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March 9, 2016 10:00 AM, EST
Federal Investigators Release Summary of Material Collected in Pilot Flying J Probe
John Sommers II for TT

Federal investigators have amassed voluminous electronic and paper documents and 200 hours of recorded conversations among confidential sources and a number of individuals during the course of their investigation of alleged rebate fraud at Pilot Travel Centers.

Government attorneys on March 8 disclosed the overview in a “non-exhaustive listing” of the material collected during the probe in a request for a protective order of certain materials related to the indictment of former Pilot President Mark Hazelwood and seven former sales executives that was unsealed Feb. 9.

The 58-page indictment details allegations against Hazelwood and the other executives in a conspiracy to defraud certain interstate trucking company customers of rebate discounts by various means.

Among the disclosures made public at a March 8 hearing in federal court in Knoxville, Tennessee:

• The FBI possesses more than 40 electronic containers and electronically stored information imaged and copied during the execution of search warrants in connection with the investigation. The quantity of data generated from the search warrant-gathered totals about 5 terabytes, according to court documents.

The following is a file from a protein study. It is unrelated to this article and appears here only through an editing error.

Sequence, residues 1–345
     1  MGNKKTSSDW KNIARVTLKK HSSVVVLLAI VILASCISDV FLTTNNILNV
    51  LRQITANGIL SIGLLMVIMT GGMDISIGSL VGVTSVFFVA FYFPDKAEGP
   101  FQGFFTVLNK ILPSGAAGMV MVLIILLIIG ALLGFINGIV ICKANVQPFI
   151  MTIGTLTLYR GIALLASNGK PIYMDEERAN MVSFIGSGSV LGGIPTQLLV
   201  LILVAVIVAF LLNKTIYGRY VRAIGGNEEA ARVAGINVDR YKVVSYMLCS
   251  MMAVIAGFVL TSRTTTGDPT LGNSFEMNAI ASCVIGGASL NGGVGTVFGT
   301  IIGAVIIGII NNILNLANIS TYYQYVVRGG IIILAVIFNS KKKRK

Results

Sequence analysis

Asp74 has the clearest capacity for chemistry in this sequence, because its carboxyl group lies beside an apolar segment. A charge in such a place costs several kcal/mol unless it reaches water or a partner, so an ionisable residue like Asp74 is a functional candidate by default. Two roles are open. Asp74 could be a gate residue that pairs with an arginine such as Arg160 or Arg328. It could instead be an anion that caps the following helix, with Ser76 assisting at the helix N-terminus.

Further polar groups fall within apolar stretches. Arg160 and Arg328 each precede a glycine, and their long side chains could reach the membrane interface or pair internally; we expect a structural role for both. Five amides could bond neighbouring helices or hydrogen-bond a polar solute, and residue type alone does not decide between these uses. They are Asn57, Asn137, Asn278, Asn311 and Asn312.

• The government has more than 55,000 pages of hard-copy documents seized during the execution of search warrants during the investigation. The documents are related to Pilot business operations.

• The government intends to produce copies of more than 200 hours of recorded conversations among confidential sources and numerous individuals that occurred during the course of the investigation.

Hazelwood and the former executives have pleaded not guilty.

Besides Hazelwood, the other seven charged in the indictment are Scott Wombold, a vice president; John Freeman, a director and vice president; Vicki Borden, a company director; John Spiewak, a regional sales manager; and Katy Bibee, Heather Jones and Karen Mann, regional account representatives.

Wombold also was charged with lying to federal investigators.

The ongoing investigation became public in April 2013, when federal investigators raided Pilot’s Knoxville headquarters.

Before Hazelwood’s Feb. 9 arraignment in Knoxville, 10 company executives already had entered into plea bargain agreements that require them to cooperate with investigators. They have yet to be sentenced.

Pilot already has reached a $92 million settlement with federal authorities and an $84.9 million settlement to a class of as many as 5,500 customers shorted of their fuel rebates.